Animation Mentor:

What did you learn from Animation Mentor?

Malcon Pierce:

I learned how to create animation that had more than just a character moving around. I learned how to really get inside a character and understand how the character needs to live in the animation, and then I learned how to get that to show on the screen. I learned how to properly approach an animation so that I was animating with focus and reason. I learned that animation is a community where we all motivate each other – it is an encouraging and fun-filled environment. I learned that networking is vital for growing and for finding work in the industry. Animation Mentor has taught me many invaluable lessons relating to character animation as a craft and as an industry.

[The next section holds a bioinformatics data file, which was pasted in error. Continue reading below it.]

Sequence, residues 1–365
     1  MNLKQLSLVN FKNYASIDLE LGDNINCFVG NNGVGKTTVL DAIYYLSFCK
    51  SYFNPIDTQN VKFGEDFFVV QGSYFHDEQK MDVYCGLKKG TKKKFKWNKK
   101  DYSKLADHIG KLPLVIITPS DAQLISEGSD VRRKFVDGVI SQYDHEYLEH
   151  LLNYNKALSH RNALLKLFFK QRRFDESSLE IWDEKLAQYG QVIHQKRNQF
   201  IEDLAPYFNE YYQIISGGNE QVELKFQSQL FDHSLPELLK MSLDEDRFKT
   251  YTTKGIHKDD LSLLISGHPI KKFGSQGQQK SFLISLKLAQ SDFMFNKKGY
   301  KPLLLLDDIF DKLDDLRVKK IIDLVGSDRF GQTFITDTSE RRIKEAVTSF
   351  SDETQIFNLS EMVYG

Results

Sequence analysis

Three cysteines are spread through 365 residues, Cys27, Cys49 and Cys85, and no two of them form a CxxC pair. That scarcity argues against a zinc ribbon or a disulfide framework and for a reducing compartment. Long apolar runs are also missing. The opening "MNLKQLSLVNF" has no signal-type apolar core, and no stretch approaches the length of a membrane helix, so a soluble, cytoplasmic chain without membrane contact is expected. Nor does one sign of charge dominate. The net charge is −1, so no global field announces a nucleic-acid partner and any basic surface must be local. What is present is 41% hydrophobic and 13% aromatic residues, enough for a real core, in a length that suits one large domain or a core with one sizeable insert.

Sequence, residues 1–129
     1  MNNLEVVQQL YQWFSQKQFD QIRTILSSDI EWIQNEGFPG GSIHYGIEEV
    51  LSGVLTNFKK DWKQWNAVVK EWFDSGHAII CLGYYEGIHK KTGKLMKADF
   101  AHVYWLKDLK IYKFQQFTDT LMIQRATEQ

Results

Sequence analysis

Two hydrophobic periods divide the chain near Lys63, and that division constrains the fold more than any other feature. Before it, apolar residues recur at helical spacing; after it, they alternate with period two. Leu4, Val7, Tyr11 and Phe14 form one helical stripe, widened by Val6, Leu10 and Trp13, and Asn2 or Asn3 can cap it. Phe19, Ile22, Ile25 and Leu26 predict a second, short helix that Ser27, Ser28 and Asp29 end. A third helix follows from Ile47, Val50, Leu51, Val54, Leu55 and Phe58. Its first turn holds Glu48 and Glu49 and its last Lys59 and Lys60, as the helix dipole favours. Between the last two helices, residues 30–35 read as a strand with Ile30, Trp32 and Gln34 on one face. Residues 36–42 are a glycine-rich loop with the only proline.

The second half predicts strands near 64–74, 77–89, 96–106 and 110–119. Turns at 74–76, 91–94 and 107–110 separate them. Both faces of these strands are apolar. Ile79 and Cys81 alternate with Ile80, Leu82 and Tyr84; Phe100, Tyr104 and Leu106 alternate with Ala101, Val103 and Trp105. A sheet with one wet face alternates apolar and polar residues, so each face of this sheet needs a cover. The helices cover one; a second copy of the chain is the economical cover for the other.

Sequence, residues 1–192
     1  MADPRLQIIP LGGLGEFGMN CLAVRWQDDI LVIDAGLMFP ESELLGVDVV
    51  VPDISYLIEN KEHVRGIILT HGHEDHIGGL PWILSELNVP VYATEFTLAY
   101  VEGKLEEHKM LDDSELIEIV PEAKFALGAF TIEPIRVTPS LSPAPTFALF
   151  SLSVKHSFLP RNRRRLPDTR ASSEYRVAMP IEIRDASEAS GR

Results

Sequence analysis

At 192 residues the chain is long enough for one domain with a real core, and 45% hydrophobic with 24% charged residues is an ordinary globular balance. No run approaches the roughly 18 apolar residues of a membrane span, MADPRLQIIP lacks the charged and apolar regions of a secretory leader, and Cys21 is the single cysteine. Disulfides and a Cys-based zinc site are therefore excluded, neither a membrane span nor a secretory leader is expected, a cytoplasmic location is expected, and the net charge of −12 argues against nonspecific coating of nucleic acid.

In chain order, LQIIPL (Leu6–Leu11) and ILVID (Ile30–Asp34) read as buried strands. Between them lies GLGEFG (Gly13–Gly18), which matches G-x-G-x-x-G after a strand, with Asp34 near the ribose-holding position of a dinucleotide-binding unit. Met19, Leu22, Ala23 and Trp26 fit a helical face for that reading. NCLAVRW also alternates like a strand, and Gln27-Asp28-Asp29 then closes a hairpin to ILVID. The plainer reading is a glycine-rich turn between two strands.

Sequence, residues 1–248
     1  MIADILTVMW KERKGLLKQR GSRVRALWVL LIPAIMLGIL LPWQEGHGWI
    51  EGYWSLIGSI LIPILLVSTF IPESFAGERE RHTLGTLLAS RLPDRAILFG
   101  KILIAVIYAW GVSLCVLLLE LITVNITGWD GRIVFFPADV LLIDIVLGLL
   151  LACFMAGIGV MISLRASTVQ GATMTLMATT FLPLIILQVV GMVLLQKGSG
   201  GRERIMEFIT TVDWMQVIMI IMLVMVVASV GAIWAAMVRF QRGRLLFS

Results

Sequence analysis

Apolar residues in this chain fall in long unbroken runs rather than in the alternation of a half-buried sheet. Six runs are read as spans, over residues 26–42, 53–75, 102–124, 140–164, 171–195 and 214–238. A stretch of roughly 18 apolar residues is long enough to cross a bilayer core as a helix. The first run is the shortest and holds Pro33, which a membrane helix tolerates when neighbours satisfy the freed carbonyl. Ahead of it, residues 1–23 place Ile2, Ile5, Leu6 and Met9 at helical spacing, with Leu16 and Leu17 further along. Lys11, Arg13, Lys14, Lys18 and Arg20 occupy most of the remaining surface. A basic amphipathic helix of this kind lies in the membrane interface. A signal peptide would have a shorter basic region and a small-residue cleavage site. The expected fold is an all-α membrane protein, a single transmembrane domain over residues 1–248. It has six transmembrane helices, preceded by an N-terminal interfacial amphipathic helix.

Animation Mentor:

How was the experience unique?

Malcon Pierce:

The experience was unique for me because I attended school online and still gained so many friendships. Most people think that if you go to school online, you’re lazy and a bit of a recluse, but with Animation Mentor it is quite the opposite. You’re talking with people everyday about what you love to do, and you’re working day and night because you love it.

Animation Mentor:

What were some of the challenges?

Malcon Pierce: